As that doyen of management theory, Peter Drucker, once said: “If you can’t measure it, you can’t manage it.” And this applies to IT just as much as it does to the wider business. So it is surprising that so few organizations have a well thought out IT asset management strategy in place.
While most will have noted down the serial numbers of their hardware and the version of the software that runs on it in an Excel spreadsheet, too few have introduced coherent and sustainable policies around managing their resources.
Robert Lee, IT director for the logistics and marine business of the Bibby Line Group, explains: “Asset management is not a project, it’s a process. It’s troublesome because a lot of companies take a snapshot of where the world is today but if there’s no process behind it, it quickly becomes outdated and the value of doing it is lost. They undertake many costly audits and while the benefits come initially, they’re often frittered away.” Failure to undertake such a process consistently means that it becomes almost impossible to know what IT assets the organization has at any given moment in time and this can have an impact on everything from expenditure to security policy and regulatory compliance.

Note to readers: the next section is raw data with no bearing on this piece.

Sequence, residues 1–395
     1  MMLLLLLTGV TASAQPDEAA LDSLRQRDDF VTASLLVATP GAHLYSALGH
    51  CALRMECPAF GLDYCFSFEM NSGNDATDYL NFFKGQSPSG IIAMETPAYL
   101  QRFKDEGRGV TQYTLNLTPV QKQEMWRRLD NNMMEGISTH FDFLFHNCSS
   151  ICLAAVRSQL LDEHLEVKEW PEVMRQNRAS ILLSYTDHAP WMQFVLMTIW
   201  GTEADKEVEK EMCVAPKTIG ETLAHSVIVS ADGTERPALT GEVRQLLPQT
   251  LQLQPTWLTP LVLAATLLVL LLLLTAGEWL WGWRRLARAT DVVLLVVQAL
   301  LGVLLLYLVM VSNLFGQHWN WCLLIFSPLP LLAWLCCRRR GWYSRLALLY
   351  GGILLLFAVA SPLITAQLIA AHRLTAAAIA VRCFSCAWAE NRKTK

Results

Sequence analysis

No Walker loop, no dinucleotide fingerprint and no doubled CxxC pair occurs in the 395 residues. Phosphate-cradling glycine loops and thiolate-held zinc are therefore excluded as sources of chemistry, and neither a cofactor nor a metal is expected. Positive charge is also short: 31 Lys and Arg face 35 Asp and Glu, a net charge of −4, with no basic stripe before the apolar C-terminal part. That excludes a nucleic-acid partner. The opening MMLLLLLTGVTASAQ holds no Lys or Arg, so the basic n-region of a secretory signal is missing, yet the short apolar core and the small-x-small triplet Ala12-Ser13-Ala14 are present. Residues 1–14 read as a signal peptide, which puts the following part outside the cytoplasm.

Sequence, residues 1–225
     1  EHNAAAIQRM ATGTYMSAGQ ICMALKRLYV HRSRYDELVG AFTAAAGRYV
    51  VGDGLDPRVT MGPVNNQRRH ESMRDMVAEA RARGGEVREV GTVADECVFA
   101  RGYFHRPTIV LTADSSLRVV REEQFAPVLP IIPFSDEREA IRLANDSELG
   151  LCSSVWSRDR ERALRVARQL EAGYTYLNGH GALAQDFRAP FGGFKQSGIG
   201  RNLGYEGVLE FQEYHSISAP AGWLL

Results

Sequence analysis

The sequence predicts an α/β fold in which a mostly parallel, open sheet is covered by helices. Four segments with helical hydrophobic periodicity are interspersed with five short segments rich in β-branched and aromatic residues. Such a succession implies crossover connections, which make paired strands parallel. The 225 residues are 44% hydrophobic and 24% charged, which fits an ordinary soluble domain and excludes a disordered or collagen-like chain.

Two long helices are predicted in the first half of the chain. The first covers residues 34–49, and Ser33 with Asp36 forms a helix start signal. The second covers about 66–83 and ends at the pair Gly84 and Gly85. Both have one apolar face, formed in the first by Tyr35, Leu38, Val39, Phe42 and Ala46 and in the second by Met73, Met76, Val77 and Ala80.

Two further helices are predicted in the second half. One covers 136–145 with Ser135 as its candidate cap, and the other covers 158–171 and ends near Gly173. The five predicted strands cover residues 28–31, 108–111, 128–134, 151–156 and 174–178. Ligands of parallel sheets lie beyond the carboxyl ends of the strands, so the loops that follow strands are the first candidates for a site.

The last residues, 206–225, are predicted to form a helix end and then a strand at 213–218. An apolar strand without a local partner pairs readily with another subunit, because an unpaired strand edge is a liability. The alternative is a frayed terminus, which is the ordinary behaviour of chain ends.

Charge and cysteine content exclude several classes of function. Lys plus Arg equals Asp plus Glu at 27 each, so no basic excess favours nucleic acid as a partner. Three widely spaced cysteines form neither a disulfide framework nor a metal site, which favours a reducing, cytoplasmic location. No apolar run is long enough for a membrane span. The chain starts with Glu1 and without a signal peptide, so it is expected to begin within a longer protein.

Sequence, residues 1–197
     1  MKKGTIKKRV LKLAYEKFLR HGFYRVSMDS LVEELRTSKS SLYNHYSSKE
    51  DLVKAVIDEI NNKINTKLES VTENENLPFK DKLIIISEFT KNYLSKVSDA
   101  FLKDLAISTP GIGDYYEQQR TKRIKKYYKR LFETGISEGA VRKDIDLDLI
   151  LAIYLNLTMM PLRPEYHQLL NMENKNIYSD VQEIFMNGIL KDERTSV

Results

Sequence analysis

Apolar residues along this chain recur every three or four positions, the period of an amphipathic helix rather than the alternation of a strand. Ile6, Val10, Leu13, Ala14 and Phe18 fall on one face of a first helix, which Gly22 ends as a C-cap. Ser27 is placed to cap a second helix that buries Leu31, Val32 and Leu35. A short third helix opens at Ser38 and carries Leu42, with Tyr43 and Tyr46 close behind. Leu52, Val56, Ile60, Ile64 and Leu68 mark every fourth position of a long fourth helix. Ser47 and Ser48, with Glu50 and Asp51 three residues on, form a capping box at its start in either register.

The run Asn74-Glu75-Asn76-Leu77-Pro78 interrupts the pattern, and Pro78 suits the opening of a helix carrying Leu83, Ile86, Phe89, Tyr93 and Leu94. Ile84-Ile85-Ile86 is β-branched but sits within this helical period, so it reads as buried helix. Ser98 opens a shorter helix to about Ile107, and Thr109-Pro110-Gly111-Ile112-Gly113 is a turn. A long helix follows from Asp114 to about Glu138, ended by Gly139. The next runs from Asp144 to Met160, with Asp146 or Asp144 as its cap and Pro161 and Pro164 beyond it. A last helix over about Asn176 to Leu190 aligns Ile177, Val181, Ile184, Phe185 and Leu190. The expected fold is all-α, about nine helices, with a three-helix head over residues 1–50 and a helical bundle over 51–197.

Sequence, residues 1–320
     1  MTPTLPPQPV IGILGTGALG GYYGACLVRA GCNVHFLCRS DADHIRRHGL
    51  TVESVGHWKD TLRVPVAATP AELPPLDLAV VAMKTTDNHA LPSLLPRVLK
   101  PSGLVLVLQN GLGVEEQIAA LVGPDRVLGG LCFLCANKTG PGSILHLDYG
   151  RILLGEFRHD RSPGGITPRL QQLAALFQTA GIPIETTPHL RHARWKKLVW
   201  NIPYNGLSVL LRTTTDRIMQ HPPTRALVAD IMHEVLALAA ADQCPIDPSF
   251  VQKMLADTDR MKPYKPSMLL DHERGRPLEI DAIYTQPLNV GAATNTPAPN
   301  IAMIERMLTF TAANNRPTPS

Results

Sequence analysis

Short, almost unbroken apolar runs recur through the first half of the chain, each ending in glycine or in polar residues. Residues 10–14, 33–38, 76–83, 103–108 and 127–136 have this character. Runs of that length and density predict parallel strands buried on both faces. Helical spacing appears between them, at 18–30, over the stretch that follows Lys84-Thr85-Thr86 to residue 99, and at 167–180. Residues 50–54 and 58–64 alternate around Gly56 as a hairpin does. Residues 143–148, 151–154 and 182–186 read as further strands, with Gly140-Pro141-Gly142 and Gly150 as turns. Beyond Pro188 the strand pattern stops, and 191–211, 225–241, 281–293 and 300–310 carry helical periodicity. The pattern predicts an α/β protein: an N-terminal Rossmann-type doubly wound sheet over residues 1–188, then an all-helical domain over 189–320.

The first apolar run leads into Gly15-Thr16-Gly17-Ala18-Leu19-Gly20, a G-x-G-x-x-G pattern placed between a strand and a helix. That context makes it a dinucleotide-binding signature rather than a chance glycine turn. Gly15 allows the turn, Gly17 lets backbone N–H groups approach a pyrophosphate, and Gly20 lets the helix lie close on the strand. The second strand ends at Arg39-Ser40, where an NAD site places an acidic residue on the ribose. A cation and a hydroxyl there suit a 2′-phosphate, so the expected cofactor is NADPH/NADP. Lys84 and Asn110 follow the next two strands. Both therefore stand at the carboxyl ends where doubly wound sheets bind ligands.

For example, Peter Green, operations director at The Telegraph Group, discovered that they were paying for too many licences after addressing the issue. “We won’t be spending the sort of money that we had been on software licences any longer,” he says. “We were about